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How It Is

Daddy's last birthday with Casey and I

It has been 5 years since Perry died.  It does not seem possible that he is gone.  I miss him every day.  I miss the man he could have been and the family he could have had if he had not been ill with an addiction, the same addiction that destroyed my mother.  We buried Perry’s dog not long ago, she lived to be 15 years old.  She never got over him leaving her here when he was no longer able to take care of her.  She never bonded with us the way she bonded with him.  She missed him every day just as I still do.

Addiction has shown up in other areas of our family, but I will let them tell their story if they need to.  I tell my story because I need to and I tell what I know of Perry’s story because he can’t and I believe he would have wanted it told.

Mother and her girls, Donna in green, Ruthann in the middle and me in purple wearing my 8th grade graduation wrist watch that I bought myself

We have lived in the house that Perry built for almost 12 years now.  It is a joy to wake up every morning and enjoy the talents of his hands and mind. Addiction takes away so much from the talented.

Richard and I have been together 20 years.  I guess we each found our dream mates.  It’s not perfect because we are not perfect people, but we support each other through the things that life puts before us.

I continue the rescue work that keeps me very busy.  I can save homeless cats and dogs, but could not save my son.  I have to accept the things I can’t change and change the things I can.  I still attend Adult Children of Alcoholics online.  I share my experience, strength and hope with other members who grew up in addiction.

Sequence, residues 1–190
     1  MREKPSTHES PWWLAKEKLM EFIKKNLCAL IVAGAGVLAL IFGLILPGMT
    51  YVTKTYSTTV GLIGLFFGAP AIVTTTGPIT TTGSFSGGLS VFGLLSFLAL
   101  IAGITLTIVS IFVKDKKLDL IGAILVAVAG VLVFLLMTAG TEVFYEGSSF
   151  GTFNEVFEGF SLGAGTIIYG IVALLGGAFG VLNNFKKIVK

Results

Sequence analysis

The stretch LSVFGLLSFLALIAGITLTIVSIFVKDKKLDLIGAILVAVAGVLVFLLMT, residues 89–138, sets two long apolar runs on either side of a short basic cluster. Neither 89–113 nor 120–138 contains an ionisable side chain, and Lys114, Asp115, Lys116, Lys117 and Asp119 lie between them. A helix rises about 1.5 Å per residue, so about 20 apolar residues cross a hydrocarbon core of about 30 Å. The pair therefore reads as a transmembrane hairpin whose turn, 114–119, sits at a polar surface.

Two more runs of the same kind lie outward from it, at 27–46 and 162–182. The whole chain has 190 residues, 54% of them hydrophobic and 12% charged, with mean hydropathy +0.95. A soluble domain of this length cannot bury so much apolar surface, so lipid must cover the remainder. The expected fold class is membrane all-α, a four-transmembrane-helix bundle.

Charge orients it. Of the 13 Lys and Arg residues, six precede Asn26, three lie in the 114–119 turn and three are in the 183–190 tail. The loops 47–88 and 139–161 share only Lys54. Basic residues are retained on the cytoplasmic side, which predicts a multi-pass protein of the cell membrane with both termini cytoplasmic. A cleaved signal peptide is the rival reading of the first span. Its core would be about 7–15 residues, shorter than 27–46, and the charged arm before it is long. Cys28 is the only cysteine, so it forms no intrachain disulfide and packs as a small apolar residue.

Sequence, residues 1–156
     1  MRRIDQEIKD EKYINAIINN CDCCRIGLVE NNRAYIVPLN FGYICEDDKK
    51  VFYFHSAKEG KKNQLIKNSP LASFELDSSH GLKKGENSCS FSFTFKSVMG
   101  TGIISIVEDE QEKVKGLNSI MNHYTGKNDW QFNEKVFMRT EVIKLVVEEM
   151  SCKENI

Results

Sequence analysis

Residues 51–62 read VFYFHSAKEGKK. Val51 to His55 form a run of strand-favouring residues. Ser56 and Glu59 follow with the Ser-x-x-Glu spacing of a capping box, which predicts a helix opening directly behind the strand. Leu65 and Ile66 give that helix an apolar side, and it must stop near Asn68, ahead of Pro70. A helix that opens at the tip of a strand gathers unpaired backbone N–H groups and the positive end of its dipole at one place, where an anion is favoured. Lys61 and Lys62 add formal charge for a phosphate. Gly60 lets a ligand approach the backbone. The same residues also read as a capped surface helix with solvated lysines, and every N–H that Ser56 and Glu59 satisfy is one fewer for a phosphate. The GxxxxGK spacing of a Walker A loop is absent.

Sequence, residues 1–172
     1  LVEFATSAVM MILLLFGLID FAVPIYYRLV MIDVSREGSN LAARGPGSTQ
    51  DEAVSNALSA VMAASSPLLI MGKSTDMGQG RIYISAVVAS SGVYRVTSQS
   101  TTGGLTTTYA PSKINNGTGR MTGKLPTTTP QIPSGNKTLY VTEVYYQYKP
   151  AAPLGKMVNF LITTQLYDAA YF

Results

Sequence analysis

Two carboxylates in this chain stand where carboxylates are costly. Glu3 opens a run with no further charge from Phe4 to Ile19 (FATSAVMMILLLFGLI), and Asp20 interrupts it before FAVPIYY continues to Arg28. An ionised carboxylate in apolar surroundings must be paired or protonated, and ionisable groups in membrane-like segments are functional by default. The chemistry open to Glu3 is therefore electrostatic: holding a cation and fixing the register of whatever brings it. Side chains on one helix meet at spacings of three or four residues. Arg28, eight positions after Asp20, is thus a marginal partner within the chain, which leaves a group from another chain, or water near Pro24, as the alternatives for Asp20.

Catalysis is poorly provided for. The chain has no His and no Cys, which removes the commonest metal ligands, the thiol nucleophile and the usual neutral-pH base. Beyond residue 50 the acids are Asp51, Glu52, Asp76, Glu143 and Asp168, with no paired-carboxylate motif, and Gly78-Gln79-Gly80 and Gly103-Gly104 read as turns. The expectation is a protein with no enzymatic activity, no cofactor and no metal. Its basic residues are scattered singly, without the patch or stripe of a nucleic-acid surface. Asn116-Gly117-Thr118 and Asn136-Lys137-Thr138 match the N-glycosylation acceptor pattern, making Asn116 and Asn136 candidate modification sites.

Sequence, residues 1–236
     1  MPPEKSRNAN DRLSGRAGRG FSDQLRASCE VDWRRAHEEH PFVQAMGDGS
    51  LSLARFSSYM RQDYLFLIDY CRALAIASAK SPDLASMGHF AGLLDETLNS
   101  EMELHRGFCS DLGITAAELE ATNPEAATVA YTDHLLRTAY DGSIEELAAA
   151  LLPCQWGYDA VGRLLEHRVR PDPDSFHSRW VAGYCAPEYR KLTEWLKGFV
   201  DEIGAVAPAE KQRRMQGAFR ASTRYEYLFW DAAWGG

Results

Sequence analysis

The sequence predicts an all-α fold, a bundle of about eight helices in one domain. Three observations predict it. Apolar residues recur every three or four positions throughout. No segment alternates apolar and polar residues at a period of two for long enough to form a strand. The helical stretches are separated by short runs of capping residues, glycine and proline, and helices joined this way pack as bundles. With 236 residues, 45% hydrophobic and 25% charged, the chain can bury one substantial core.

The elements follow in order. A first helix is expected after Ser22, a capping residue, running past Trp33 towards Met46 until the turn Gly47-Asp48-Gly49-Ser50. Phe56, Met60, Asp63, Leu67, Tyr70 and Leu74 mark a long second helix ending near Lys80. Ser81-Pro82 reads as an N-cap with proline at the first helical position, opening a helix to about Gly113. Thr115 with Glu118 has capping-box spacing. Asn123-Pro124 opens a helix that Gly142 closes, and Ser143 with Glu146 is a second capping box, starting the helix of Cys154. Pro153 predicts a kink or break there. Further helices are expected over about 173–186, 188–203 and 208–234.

Bryan has a lovely family of girls that I adore.  He is a good daddy and a good son.  He works hard for his family and he takes good care of his mom and dad.  What a blessing he is to us all.  He is also a very talented man and can do anything he puts his mind to.

Casey lives nearby with his own family.  We share life’s ups and downs.  I see Donna and Ruthann occasionally.  We don’t talk about the past much at all.  We are each finding our own way on a path that has not been easy, but has had many joys and rewards along the way.

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Learning To Live Without Perry

Perry took this picture of me while he was helping me with rescue

I didn’t know how I would ever learn to live without Perry.  What I kept saying to myself, and anyone who would listen, was that I no longer had any hope.  As long as Perry was still alive, I had hope, but the life I had clung to for so many years no longer had him in it.  Bryan was wonderful.  While suffering the loss of his only brother, he tried to console Jimmy and I both.  He would call or come by to let me talk and cry.  Most other people avoided me and I couldn’t blame them.  I’m sure they felt my pain and were uncomfortable with it. 

I could not leave home without the fear of bursting into tears over the slightest thing.  I couldn’t eat or sleep.  I had never been a pill taking person, but I broke down and got a prescription for sleeping pills.  I used them for the first week but then worried that I might become addicted, so I hardly used them after that.  I could not eat anything that I had eaten before.  I could only manage to eat a few bites of soft food.  A friend of the family brought me some melon chunks that I lived on for the first week. 

I knew other mothers had survived the loss of a child and I wanted to know how they did it.  I ordered some books off the internet, but when they came, I was not able to read them.  I wasn’t able to comprehend anything.  I was exhausted all the time and couldn’t remember anything.  I had been very involved in a dog rescue group before Perry died.  We had several foster dogs here along with several dogs of our own, including Perry’s dog.  I got up everyday to tend to the dogs and then dropped back into the bed to lay and stare at the ceiling.